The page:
This is not an old-school versus new-school shootout like the Vantage and GT-R one, though. Both the BMW and Porsche offer sophisticated, enjoyable driving experiences. Neither is as primitive as the Aston and neither is as tech-heavy and uninvolving as the GT-R. In fact, both are fine sports cars in their own right.
That the Cayman is the more incisive will be no great surprise to you, I suspect. It steers with more accuracy, turns with more agility and maintains better control of its body throughout acceleration, turning and braking movements. There’s feel to its steering and a breathtaking cohesion to its chassis dynamics. There’s hardly any understeer, hardly any oversteer, oodles of grip and subtle messages about when that might run out. It posts a 1min 11.1sec lap time.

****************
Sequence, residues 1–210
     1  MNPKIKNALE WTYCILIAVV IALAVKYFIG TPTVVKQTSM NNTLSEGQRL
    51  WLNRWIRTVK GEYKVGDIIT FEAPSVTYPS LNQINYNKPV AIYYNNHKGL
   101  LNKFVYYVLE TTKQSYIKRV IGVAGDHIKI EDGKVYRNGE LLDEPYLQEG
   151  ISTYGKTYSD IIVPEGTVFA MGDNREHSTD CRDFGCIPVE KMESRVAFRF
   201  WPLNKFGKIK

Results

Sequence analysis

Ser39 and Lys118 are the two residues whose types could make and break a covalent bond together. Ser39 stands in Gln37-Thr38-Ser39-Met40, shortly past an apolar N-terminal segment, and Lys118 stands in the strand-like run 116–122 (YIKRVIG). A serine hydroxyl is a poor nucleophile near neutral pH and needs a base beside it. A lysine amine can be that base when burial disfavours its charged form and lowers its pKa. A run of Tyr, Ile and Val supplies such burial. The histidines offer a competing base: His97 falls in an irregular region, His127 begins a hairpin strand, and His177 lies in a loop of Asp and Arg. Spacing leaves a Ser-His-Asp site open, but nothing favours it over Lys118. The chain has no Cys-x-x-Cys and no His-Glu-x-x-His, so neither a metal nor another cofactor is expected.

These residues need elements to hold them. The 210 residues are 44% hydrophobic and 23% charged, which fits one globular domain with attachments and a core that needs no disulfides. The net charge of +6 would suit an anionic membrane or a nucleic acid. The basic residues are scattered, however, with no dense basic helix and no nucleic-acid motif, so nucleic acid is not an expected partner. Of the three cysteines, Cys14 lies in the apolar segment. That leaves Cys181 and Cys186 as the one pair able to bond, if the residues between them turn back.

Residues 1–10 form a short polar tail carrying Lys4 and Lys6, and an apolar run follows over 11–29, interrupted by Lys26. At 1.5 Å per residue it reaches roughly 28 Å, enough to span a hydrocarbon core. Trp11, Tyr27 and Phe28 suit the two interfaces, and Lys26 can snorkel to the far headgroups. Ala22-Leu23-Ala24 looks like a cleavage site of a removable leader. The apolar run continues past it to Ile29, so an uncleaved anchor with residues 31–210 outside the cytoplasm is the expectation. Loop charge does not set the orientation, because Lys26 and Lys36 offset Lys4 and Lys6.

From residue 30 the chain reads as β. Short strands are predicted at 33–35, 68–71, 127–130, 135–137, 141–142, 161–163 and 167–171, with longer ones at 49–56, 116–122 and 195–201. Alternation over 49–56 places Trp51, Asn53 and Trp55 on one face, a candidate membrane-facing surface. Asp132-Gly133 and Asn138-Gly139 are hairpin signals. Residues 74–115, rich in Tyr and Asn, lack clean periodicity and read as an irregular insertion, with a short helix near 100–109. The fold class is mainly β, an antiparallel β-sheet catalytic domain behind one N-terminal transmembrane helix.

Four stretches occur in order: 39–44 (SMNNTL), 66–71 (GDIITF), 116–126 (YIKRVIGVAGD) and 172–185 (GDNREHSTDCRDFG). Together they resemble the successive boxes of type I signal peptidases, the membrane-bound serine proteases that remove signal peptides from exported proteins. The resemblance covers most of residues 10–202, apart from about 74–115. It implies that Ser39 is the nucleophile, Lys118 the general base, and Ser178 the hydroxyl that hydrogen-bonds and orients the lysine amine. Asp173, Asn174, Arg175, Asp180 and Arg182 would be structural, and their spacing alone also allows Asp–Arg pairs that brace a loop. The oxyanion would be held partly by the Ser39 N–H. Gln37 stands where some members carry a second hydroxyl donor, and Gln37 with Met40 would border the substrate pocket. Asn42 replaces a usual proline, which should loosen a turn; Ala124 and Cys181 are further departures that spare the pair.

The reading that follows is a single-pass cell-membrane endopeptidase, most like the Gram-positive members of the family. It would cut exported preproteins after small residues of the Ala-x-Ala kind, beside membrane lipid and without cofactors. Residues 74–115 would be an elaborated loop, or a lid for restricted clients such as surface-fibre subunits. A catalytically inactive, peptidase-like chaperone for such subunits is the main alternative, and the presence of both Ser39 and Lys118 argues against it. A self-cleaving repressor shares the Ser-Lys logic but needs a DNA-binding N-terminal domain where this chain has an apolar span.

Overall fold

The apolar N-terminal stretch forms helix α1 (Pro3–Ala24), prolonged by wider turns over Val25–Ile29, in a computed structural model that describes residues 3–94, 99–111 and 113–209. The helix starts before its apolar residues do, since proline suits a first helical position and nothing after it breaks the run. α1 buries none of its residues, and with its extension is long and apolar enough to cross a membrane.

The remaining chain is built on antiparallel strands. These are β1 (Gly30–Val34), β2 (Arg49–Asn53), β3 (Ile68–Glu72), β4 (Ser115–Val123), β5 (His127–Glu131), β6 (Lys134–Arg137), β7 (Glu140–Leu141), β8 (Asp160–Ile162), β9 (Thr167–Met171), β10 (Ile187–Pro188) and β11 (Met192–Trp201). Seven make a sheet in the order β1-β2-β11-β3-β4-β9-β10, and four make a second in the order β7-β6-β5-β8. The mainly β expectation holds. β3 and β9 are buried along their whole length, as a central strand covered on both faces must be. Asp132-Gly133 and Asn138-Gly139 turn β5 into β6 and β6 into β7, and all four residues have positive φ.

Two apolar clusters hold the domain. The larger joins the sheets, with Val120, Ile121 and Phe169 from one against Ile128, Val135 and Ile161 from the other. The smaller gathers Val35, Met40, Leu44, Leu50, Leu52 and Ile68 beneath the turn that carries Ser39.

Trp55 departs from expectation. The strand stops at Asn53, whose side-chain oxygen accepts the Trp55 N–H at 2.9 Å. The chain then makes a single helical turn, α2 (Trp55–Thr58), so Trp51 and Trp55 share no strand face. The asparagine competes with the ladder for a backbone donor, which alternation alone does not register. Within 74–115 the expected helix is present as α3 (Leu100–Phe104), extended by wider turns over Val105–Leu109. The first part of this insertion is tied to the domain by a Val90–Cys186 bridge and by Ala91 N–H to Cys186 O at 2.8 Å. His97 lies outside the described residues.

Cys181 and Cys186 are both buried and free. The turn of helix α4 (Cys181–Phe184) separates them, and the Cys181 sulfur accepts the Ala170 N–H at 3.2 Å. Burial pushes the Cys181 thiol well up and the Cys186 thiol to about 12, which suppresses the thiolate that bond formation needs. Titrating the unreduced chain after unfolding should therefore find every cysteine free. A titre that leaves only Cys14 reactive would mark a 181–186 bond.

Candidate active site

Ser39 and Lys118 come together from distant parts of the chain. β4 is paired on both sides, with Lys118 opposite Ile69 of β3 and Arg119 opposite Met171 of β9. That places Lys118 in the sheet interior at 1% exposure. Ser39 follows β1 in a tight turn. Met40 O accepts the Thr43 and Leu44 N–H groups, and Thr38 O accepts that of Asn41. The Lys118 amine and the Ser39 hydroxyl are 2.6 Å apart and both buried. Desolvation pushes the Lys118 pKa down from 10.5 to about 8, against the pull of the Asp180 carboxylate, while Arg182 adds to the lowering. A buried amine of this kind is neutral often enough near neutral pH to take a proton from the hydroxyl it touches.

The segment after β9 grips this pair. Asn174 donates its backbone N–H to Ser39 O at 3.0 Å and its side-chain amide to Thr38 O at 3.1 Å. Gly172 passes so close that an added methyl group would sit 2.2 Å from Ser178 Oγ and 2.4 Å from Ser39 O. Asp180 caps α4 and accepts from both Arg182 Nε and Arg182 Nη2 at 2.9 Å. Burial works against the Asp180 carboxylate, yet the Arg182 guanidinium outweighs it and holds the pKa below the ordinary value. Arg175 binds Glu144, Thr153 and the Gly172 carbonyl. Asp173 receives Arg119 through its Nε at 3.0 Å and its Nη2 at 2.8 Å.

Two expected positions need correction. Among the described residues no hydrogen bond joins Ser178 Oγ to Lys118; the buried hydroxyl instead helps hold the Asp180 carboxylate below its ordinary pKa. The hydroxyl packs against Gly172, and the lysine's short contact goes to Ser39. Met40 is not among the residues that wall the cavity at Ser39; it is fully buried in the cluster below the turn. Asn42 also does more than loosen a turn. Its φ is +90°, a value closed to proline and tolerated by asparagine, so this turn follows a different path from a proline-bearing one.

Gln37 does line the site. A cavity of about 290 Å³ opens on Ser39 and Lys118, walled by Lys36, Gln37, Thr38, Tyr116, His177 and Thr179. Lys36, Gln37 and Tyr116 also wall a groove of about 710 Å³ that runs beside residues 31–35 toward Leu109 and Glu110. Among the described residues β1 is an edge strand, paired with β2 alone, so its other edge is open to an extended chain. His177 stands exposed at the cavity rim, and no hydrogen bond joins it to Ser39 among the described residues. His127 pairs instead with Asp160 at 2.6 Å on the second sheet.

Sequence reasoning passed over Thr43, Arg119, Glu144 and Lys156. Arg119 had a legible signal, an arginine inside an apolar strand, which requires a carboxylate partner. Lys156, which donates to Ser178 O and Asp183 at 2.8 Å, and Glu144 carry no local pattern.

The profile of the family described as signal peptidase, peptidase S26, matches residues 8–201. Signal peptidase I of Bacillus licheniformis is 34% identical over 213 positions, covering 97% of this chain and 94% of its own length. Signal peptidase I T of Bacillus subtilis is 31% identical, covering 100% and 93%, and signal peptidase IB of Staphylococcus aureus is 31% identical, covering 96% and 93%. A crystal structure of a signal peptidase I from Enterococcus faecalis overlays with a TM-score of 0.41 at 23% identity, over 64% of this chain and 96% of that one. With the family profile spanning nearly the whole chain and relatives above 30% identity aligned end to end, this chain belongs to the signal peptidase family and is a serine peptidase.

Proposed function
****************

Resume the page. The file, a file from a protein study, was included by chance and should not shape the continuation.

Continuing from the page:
The M2 is only fractions away, but the fractions are everywhere. Its body movements are bigger because its centre of gravity is higher and it has more weight behind it. There’s a bit more understeer because the engine, heavier, is in the front. There’s a bit more oversteer because the drive has more oomph and there’s less weight on the back, and thus less traction. The steering is a few per cent more vague, the gearshift a few per cent less precise, the brakes a few per cent less adjustable. No factor, in itself, is anything less than flippin’ good; the M2 remains the best driver’s car to come out of BMW in half a decade. But when it comes to a lap time, the BMW manages a 1min 13.5sec, more than 2.0sec off the Porsche.
And, I’ll admit, the Porsche driver, by dint of that exceptional chassis, is probably having the slightly better time. Except, of course, in the ear department.